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Firearms and hate will pose problems for the new India

Firearms and hate will pose problems for the new India

This recent video emerged on social media where these youngsters are seen abusing a community and asking other people of their religion to buy guns. Both guns and hate seem to be emerging as big problems in a society that stands on the cusp of development as radicalisation.

Gun laws in India

India already had some of the strictest gun laws in the world, a vestige of British colonial rule, which aimed to disarm its subjects. Indian law allows citizens to own and carry guns, but it is not a right enshrined in the constitution. Getting a gun license in India is a difficult task that can take years. Now, in the most ambitious restructuring of arms rules in more than five decades, the government has made the laws even tougher. Prospective gun owners will have to show they have been trained, and they must carry their firearms only in holders and secure them in a "knocked down" condition in gun lockers at home. The government will declare new gun-free zones, in addition to schools, across the country. Even air guns will require an arms license. The new gun restrictions are not a reaction to recent violence. The process has taken five years, but it quickened after Prime minister Narendra Modi was elected in 2014. The rules were put into effect last month and will be presented in Parliament. (washingtonpost.com)

Hate Speech laws in India

According to Section 95 of the Code of Criminal Procedure, the government has the right to declare certain publications as "forfeited" if the state government observes that the content published is punishable under "Section 124A or Section 153A or Section 153B or Section 292 or Section 293 or Section 295A of the Indian Penal Code (IPC)." (elections.in)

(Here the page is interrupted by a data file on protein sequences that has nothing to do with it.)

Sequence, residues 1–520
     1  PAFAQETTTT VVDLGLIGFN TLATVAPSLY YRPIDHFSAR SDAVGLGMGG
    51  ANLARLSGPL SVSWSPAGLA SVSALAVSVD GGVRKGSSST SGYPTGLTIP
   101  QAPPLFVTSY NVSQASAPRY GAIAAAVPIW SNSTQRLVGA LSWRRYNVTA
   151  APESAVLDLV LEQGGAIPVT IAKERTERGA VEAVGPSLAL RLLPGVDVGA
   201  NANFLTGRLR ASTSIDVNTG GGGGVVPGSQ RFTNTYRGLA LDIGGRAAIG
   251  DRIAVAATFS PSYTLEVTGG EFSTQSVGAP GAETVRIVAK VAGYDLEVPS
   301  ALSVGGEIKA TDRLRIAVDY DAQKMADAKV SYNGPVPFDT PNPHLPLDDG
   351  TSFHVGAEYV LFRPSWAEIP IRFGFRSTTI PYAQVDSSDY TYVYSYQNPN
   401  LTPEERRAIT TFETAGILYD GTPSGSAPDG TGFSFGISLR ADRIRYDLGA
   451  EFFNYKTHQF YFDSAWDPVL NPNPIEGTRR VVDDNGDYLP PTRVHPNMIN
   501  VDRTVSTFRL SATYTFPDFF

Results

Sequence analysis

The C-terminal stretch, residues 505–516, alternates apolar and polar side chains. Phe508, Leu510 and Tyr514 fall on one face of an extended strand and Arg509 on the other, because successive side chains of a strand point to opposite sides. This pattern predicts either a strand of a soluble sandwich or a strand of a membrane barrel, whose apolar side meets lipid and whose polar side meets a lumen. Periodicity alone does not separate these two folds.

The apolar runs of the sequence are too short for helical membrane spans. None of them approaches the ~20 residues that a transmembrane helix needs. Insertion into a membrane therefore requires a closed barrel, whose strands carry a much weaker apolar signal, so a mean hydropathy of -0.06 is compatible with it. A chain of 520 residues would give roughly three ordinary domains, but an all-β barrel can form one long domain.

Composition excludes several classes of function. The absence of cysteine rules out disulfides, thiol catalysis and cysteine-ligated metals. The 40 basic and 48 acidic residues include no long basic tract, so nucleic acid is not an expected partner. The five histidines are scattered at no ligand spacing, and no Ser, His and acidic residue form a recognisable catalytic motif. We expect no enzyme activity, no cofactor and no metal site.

Any expression, be it written or spoken, that is intended to create hatred or contempt against the government of India is considered an act of sedition and the individual is booked under Section 124A of IPC. (elections.in)

Similarly, under Section 153A, any individual promoting communal disharmony or feelings of hatred "between different religious, racial, language or regional groups or castes or communities" through spoken or written words is considered to be have committed a crime. (elections.in)

Gun crime on the rise

India reportedly accounts for 40 million firearms, of which only 5.5 million are licensed and in civilian hands. We have the second-highest total in the world, after the US, though it amounts to only four 4 for every 100 people in India compared to 90 guns for every 100 Americans. (firstpost.com)

Gun crime has consistently been on the rise in India, and every few weeks, there is a new tragedy. An armed gang shoots a woman over a small piece of jewellery, a disgruntled stalker shoots a college-going girl because she does not acknowledge him. The common denominator is easy access to firearms. Anyone can be armed and dangerous these days. All it takes is a little money — and not as much as you'd think. (firstpost.com)

Communal tensions may fuel the fire

If communal tensions stay on the rise and the government does not clamp down on individuals who post hate messages then India is looking to deal with a larger problem. One of the big advantages India has had is lack of weapons in India and that has helped keep the homicide rate lower than many first world nations.


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